Not so fun fact:The carriers can enforce both items (early termination and minimum commitment) at the same time if both clauses are in an agreement.
Growth clauses: New in the last four to six months, shippers’ volumes can be restricted if a shipper’s volume grows by more than 15% in an unspecified country pairing. This allows the carrier to either 1) not pick up the shipments, 2) change the shipment service level, or 3) modify your pricing.
Risk of enforcement:High. This is a brand-new clause, and it directly correlates to the international peak surcharges first introduced during the beginning of the COVID pandemic, which makes it likely to be enforced. If the carrier lane is full, and you have this clause, it makes it very easy for them to say “sorry, but you signed this – it’s in your agreement,” while shipping the packages of another customer without the clause.
US inflation clauses: Also, new for 2021-2022, we have started to see carriers include inflation clauses for some shippers with rate caps. Essentially, they allow the carrier to void the rate cap if the US inflation exceeds the number inserted into the agreement. In my opinion, based on recent US monetary policy, any agreement with this clause is likely to take full increases should the carriers enforce.
Risk of enforcement:High. Although we have no history with this one, it’s very likely that they’re inserting these with the intention of enforcing them in 2022 or 2023.
How can shippers fight back? Step one is to carefully read through your carrier agreement. Do not accept the presentation or a bullet-point summary of changes from your rep. Although I don’t think they ever intend to act punitively, oftentimes, these clauses will be simply overlooked by your reps.
If you have one or more of these clauses, you may be thinking, “now what?” First, remember that absolutely none of these are required and they are both removable and negotiable. If you are unable to get the carriers to remove the clauses, make sure that they are at least reasonable. For example: if you agree to early termination, insist that it is only triggered if you decide to leave, has reduced penalties as time passes, and allows you to negotiate intra-contract.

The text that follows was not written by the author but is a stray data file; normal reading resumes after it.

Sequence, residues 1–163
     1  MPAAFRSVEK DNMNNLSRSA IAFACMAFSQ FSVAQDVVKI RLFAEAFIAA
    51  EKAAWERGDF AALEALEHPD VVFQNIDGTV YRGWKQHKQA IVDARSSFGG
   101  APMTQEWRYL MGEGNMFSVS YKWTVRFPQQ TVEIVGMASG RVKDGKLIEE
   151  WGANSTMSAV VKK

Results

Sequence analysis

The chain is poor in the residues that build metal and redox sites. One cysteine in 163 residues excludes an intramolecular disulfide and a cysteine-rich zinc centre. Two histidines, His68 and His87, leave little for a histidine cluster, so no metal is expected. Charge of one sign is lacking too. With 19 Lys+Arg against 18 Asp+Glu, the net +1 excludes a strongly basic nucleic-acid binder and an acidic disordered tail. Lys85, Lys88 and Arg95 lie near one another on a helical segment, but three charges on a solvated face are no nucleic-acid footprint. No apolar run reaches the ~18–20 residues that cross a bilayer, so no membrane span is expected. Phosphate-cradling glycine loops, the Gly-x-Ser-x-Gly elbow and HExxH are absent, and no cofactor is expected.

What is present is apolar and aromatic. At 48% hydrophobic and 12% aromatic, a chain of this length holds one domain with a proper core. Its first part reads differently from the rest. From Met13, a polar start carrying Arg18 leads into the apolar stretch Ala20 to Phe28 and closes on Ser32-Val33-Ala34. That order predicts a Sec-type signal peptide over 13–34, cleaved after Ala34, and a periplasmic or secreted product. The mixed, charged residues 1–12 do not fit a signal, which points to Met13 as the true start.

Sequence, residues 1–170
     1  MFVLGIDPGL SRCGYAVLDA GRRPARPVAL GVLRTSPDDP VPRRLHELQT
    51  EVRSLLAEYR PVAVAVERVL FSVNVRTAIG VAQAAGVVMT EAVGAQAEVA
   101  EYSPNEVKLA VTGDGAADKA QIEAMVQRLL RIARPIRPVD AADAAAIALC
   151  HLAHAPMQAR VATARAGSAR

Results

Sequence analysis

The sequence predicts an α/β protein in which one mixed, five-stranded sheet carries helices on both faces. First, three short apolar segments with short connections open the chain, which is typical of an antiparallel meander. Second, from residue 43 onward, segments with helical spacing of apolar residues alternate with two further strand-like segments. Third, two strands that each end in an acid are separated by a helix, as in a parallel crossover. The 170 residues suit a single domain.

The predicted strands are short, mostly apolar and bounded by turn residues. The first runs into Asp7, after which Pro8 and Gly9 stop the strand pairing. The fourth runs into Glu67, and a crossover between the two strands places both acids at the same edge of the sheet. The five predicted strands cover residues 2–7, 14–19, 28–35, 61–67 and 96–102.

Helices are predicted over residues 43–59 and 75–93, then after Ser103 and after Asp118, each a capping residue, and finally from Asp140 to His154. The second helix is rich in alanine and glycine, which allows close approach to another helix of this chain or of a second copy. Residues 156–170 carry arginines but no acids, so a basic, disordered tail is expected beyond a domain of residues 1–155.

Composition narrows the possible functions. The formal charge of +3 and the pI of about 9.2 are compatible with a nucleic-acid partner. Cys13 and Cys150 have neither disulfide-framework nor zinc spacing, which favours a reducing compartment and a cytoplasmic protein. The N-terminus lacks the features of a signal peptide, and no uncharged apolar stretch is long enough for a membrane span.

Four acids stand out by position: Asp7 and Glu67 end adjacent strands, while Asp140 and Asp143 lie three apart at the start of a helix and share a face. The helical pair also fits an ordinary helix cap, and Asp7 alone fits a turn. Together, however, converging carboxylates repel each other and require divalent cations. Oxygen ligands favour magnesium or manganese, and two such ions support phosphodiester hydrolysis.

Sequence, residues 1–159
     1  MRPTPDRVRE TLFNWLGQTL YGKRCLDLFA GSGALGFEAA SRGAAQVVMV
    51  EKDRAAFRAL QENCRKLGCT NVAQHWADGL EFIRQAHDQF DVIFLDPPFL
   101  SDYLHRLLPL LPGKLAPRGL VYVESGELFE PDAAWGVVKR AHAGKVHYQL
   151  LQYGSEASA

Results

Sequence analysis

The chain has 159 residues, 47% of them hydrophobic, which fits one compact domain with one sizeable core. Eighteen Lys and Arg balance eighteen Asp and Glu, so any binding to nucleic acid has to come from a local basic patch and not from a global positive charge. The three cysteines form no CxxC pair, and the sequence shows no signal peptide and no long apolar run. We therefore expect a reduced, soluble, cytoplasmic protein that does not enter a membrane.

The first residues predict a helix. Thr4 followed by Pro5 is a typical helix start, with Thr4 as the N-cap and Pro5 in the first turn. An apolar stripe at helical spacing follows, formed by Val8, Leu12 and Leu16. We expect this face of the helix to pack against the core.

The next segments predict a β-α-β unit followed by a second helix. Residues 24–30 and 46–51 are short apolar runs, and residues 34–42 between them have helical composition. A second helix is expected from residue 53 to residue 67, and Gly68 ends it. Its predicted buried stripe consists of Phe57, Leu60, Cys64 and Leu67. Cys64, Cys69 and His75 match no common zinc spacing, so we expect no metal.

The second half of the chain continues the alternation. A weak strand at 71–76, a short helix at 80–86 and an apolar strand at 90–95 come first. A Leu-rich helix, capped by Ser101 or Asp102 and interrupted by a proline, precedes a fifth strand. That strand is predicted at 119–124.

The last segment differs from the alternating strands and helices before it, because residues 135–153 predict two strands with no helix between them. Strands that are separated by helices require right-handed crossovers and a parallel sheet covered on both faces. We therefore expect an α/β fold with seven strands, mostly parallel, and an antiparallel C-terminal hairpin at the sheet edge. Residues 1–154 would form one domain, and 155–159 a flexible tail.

It’s also important to remember that when you sign a carrier agreement, you are not only agreeing to the terms therein, but you are also agreeing to all of the terms in the respective carrier’s 150+ service guide.
Regardless of your relationship with your carrier and / or your carrier rep, it’s more critical now than ever that your carrier agreement be reviewed for new punitive clauses that are more prevalent than before.
Matt Bohn is Senior Consultant, Professional Services for Shipware, LLC, a San Diego based parcel consulting firm that specializes in cost reduction and recovery services. Prior to his work at Shipware, Matt spent nine years as a Senior Pricing Advisor at FedEx, where he analyzed pricing programs and wrote pricing contracts for some of FedEx’s largest e-commerce and retail shippers. For more information, please contact firstname.lastname@example.org
This article originally ran in the January/February, 2022 issue of PARCEL.